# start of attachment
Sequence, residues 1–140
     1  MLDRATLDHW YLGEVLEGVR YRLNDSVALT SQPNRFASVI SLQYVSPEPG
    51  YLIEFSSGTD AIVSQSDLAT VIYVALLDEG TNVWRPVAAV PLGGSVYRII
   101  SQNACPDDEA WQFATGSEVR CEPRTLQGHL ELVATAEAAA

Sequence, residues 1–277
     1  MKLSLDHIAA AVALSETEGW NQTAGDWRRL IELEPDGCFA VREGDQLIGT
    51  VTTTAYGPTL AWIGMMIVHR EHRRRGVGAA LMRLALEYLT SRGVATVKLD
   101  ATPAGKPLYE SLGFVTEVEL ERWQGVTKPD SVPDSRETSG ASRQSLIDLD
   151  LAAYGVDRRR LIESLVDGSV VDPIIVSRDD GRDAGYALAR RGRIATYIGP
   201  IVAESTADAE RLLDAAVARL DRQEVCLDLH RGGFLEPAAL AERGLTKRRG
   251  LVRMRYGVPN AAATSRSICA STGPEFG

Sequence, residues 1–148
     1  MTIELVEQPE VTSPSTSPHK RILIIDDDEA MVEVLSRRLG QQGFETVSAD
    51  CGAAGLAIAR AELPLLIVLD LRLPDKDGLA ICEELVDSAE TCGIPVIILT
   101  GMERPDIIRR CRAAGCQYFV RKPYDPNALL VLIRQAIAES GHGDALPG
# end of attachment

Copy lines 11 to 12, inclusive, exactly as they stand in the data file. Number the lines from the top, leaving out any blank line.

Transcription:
   251  LVRMRYGVPN AAATSRSICA STGPEFG

Sequence, residues 1–148